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Max Headroom is coming back into our lives and onto our screens

Matt Frewer's iconic '80s artificial intelligence will be making an unexpected comeback soon

The Max Headroom Show
Image credit: Channel 4

It’s time to return to 20 minutes in the future, with the news that AMC Networks is planning a revival of '80s science fiction television property Max Headroom, with Halt and Catch Fire co-creator (and current writer of Marvel’s Iron Man comic book series) Christopher Cantwell as showrunner.

For those too young to remember, Max Headroom was a genuine pop culture phenomenon in the ‘80s. He debuted in a 1985 British television movie titled Max Headroom: 20 Minutes Into The Future, which acted as an origin story for the buggy, pop culture obsessed artificial intelligence ahead of his appearance as host of The Max Headroom show, a pastiche of contemporary chat shows that featured the character – played by Matt Frewer – interviewing celebrities in a studio setting, from the comfort of his very own television set; importantly, program makers publicly said that Max was an entirely computer-generated character, with Frewer’s involvement kept secret for some time until after the show’s launch.

Here's a trailer for the original Max Headroom series:

Watch on YouTube

The Max Headroom show aired in the UK until 1987, becoming popular enough to spin off not only a Christmas special written by none other than George R.R. Martin – yes, really – but an American version of the show, titled The Original Talking Max Headroom Show, which ran for six episodes on cable channel Cinemax.

That wasn’t the end of the character, however; the final episodes of the Original Talking Max Headroom show actually overlapped with the first episodes of an ABC remake of the original 20 Minutes Into The Future movie, expanded into a full-length series. In this new series, simply titled Max Headroom, Max co-existed with the investigative journalist whose brain patterns he’d been modeled upon, also played by Frewer; the two existed in a dystopian near-future that was clearly informed by the then-new cyberpunk fiction of the likes of William Gibson and Bruce Sterling. (In fact, the ABC Max Headroom show is often referred to as the first cyberpunk TV series.)

While all of this was going on, Max started showing up elsewhere: he had a top 40 hit with the band Art of Noise, he had his own video game, and he was the spokesperson for a New Coke ad campaign. He was parodied in Back to The Future Part II, the newspaper strip Doonesbury, and on Late Night with David Letterman. Even for people who’d never watched any of the actual Max Headroom shows, it was difficult to avoid the character. Years after the end of the ABC series in 1988, he’d continue to show up where he was least expected; he’s shows up in both Ready Player One and Ready Player Two, as well as making an appearance in the 2015 movie Pixels, and gets referenced in both Agents of SHIELD and Bojack Horseman. Now, he’s making an entirely unexpected comeback in his own show.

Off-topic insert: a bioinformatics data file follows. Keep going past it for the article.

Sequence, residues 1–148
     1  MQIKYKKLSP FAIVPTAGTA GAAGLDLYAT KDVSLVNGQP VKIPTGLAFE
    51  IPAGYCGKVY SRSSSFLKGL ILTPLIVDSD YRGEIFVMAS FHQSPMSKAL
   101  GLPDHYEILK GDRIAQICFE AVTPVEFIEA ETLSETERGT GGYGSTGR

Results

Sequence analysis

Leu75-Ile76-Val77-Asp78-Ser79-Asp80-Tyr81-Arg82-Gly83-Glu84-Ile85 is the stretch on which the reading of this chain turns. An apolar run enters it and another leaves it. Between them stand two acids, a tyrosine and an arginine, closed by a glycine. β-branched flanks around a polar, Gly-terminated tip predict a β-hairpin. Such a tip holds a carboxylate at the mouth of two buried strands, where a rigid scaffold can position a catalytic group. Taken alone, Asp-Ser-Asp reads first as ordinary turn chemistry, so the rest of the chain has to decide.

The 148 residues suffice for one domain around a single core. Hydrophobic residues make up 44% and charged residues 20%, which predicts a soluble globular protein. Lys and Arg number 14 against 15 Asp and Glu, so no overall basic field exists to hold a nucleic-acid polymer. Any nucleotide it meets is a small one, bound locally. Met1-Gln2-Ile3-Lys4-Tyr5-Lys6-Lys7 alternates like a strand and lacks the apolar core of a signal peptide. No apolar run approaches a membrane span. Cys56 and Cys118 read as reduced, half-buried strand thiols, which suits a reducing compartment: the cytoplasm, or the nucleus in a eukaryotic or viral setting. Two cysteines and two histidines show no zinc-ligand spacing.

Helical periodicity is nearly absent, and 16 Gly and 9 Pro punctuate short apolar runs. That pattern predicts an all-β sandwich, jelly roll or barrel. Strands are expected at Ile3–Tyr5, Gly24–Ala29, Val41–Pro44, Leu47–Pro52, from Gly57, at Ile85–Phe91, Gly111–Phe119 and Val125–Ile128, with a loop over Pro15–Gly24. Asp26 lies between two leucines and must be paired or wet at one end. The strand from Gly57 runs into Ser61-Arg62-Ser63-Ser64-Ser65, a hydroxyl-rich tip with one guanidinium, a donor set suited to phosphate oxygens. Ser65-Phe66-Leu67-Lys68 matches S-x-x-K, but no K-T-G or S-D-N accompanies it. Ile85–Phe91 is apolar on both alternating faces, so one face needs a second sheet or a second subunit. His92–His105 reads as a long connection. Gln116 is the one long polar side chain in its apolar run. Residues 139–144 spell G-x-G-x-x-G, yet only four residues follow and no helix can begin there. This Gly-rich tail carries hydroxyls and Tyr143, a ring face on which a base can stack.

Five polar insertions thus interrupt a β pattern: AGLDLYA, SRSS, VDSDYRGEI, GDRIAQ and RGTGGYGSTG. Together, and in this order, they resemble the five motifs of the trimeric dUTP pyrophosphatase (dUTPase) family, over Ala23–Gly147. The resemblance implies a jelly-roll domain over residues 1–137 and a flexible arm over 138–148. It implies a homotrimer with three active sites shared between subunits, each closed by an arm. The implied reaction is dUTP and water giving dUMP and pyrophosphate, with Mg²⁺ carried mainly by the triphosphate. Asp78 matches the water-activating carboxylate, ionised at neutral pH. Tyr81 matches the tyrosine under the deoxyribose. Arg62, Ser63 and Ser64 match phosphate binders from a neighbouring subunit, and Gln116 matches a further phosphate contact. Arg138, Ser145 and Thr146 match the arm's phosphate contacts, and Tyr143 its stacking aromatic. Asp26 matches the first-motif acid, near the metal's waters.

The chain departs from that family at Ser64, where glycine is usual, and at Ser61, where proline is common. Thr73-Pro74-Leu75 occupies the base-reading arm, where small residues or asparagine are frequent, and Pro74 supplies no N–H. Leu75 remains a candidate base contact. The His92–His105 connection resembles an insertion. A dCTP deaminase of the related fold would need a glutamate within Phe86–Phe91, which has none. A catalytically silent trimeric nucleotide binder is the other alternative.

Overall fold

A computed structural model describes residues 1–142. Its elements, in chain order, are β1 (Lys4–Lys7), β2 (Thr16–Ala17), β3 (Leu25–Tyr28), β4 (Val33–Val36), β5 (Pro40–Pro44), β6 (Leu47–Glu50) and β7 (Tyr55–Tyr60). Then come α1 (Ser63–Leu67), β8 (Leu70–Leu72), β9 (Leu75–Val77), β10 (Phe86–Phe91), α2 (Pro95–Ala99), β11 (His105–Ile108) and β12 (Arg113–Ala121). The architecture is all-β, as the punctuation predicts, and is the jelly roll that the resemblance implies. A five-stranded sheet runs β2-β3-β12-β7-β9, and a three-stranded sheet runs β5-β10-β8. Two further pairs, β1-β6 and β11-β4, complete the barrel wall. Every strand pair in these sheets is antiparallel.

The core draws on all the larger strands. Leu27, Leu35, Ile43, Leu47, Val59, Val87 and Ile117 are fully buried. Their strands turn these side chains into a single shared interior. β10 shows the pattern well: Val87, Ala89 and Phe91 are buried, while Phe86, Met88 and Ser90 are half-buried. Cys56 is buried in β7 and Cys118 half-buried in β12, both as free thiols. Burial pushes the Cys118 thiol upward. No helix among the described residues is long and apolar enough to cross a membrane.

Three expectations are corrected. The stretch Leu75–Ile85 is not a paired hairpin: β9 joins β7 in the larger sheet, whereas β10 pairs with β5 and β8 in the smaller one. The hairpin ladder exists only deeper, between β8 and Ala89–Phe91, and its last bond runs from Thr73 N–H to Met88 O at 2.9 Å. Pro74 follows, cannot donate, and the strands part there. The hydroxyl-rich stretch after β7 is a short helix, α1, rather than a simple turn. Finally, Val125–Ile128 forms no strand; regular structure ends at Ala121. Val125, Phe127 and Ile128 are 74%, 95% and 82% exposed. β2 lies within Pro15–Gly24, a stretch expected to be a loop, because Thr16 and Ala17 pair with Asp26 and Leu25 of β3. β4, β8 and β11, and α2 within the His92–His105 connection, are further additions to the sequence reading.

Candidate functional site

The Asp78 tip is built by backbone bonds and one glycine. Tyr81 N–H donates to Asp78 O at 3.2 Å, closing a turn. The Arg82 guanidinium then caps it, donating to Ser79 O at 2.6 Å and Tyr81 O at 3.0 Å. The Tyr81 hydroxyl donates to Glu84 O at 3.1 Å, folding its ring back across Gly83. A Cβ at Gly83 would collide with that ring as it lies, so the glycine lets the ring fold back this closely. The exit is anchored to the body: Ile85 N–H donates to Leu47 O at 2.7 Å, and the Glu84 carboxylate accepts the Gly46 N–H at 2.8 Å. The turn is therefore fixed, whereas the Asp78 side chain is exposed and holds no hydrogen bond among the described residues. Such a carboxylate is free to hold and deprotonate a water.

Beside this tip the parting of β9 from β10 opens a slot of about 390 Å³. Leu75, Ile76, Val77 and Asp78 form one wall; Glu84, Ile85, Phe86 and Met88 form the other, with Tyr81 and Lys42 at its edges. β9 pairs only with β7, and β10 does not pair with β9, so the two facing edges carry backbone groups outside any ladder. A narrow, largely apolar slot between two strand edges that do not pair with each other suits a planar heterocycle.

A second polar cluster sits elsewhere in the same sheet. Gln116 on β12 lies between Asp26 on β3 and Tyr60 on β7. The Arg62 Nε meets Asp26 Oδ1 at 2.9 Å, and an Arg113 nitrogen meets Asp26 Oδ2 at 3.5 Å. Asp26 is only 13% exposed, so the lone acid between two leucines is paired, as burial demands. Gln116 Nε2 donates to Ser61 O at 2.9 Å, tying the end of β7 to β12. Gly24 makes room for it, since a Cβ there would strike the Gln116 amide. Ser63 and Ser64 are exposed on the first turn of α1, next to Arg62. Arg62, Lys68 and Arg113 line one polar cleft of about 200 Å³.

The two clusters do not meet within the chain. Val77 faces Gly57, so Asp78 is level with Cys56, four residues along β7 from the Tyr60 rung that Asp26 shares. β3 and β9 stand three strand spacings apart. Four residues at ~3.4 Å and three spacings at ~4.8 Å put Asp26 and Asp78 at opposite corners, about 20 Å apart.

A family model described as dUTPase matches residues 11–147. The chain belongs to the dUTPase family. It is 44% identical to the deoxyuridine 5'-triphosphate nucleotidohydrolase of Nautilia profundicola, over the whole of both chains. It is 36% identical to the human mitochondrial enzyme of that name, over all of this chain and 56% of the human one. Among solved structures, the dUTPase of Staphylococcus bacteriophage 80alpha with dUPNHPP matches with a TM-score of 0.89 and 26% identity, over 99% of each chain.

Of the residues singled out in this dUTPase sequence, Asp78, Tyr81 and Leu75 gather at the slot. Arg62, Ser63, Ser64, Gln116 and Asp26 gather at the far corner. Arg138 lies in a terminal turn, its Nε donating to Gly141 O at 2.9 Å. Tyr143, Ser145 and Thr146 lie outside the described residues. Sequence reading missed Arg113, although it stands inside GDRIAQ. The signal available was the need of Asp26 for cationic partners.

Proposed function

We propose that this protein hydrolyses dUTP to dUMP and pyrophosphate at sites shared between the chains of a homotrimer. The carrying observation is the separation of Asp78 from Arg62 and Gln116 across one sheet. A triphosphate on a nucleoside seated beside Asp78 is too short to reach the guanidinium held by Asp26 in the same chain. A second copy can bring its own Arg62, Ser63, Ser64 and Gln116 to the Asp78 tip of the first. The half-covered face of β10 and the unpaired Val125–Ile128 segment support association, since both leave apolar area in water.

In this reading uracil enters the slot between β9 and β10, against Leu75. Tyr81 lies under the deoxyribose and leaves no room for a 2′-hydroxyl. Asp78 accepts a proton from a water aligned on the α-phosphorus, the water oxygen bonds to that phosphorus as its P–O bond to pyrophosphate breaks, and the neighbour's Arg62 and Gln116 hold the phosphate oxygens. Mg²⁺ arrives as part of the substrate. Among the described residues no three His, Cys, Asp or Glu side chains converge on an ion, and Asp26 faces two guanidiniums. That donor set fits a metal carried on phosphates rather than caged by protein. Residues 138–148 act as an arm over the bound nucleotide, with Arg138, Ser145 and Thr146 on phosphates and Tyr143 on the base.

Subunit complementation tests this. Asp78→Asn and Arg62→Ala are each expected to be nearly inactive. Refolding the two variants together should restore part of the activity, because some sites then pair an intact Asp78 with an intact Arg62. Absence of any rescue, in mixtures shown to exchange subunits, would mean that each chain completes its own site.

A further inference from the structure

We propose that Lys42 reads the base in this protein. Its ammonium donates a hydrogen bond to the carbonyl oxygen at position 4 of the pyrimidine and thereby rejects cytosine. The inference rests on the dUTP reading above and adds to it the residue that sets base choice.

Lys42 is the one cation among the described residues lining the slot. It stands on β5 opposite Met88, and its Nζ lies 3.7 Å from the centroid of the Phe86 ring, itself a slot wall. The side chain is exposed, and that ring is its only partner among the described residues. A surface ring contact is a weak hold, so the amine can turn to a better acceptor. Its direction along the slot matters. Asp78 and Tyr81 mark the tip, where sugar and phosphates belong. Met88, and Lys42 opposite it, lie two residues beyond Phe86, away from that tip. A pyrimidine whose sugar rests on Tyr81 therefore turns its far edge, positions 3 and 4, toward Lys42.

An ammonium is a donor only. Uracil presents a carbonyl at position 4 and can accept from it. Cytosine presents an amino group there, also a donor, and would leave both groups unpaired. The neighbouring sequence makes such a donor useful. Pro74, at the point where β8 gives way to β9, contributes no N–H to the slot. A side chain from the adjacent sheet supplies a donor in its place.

According to Deadline, which broke news about the revival, Matt Frewer will once again play the character in the new series, as well as act as an executive producer for the project alongside Cantwell and Lisa Whalen. The series will be produced by Elijah Wood and Daniel Noah’s SpectreVision and All3Media.

On Twitter, Cantwell – who also acted as showrunner on the Prime Video adaptation of Brian K. Vaughan and Cliff Chiang’s Paper Girls – wrote that the new show is “going to be absolutely bananas. My pitch was an hour of batshit story and character, but it’s also once again about technology and its impact on our very lives… my favorite subject.”

While waiting for Max Headroom to return, why not read about another piece of weird but wonderful sci-fi with this liveblog of the San Diego Comic-Con panel for 3 Worlds/3 Moons?

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Graeme McMillan: Popverse Editor Graeme McMillan (he/him) has been writing about comics, culture, and comics culture on the internet for close to two decades at this point, which is terrifying to admit. He completely understands if you have problems understanding his accent.
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